Oakham was selected to pilot the project in England after the Faculty of Education at Queen’s University Belfast had run it successfully for a year in schools in Northern Ireland, and wanted to widen the scheme to allow more pupils to benefit.
“We are an ambitious library – always looking for new and exciting ways to increase pupils’ interests in all kinds of reading,” says Darryl Toerien, head of library.
“As such we are delighted to be able to help establish the Project 500 scheme in England.”
The project actively encourages pupils to read science-focused books. All pupils receive a ‘Passport to the Solar System’ to work through, gaining stickers and recognition when they have read books and undertaken work based on their reading, which results in a certificate at the end.
Lower School pupils from Oakham School are taking part (Lower 1 and Form 2), as well as KS2 pupils from Brooke Hill Academy. The project was launched to Oakham School pupils in Form 2 with a talk from famous author Matt Dickinson who highlighted many of the scientific aspects of his Everest climb.
Following their Science Museum sleepover, Lower 1 are now reading their science books and undertaking a research project in order to complete Project 500.
Mr Westley, head of school at Brooke Hill, says, “After being approached by Oakham School about Project 500 we were very keen to become involved in some capacity.
“There is a growing emphasis on the importance of science within the new National Curriculum and we felt our children could benefit hugely from taking their learning within the subject as far as they could!”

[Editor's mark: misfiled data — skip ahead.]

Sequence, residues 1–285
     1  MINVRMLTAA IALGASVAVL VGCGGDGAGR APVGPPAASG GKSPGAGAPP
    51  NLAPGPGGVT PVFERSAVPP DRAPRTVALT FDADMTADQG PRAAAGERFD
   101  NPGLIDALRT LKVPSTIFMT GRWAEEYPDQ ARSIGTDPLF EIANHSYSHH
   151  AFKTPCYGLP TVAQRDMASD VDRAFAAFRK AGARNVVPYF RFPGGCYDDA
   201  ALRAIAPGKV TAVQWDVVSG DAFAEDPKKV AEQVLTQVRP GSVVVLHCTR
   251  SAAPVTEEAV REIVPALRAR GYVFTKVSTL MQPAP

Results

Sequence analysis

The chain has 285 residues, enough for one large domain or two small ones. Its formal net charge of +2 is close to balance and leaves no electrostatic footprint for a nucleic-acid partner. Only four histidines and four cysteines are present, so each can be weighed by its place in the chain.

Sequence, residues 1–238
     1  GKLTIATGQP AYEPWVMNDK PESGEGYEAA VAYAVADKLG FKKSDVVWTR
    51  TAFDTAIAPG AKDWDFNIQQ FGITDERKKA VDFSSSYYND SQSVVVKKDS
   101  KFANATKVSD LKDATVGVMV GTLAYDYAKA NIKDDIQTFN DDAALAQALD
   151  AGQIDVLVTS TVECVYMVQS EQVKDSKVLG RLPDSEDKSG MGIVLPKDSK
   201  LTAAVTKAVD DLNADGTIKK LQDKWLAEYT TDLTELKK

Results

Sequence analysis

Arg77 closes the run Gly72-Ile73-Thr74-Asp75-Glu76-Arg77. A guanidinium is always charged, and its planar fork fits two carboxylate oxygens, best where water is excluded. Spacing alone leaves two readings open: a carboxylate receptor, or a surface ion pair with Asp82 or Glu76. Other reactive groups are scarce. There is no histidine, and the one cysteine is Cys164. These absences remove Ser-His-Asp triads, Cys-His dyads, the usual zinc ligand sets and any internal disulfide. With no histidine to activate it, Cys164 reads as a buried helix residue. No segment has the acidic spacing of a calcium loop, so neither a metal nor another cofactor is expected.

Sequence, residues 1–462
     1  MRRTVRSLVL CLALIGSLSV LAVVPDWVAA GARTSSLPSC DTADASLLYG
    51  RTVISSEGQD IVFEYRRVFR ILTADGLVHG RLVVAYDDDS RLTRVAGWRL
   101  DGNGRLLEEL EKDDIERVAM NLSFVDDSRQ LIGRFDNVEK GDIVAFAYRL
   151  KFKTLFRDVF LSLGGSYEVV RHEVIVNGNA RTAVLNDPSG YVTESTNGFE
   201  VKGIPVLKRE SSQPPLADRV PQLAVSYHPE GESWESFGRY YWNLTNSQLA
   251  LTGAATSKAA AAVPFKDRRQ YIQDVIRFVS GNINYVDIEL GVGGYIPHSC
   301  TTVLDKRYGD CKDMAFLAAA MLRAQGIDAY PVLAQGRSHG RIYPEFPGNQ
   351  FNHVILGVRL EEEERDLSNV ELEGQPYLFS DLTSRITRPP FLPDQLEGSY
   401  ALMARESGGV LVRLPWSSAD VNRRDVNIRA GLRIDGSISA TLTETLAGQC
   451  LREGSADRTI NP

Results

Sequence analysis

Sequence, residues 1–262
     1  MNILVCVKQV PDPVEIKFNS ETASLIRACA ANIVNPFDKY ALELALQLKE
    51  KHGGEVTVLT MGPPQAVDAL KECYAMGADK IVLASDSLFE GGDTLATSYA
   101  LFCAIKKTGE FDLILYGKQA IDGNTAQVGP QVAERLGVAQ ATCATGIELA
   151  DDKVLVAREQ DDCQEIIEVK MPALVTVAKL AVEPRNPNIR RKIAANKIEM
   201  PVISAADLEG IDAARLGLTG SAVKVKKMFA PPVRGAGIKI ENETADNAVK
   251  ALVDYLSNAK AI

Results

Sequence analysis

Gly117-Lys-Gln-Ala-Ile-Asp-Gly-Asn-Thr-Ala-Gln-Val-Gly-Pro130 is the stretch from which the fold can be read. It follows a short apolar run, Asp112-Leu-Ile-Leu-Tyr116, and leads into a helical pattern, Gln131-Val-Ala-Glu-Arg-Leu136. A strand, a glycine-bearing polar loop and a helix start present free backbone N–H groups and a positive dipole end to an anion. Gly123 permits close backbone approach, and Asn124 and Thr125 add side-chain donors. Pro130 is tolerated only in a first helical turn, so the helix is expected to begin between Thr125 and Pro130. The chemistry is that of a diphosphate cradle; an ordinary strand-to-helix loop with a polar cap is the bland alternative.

The project was introduced to pupils from Brooke Hill Academy in a fun assembly – which was then followed by a ‘Men In Black’ style visit by a ‘special agent’ of the newly formed Brooke Hill Oakham School Space Agency (BHOSSA)!
The next part of the mission was for all of the KS2 pupils to visit the Library at Oakham School (BHOSSA Mission Control). They began with a briefing on alien adaptation.
Then they were introduced to the library to research the solar system and to learn how aliens may need to adapt to survive on different planets.
All of these pupils are now busy reading up on the topic, and will then present back their work on alien adaptation in order to gain their certificates for completing Project 500.
Mr Westley continues: “The children have been collecting their own planetary stickers in their Project 500 passports and we have plans to visit a local astronomy group with some our children next term to hopefully further inspire their interest in science!”
Darryl concluded: “We are really pleased to be able to encourage reading in the wider Oakham community, and very much hope that we can, in time, invite more local primary schools to take part.
“Generating a real interest in science, and STEM more broadly, is key in the transition from primary to secondary school – and books, regardless of whether they are fiction or non-fiction, are a great way of doing this.”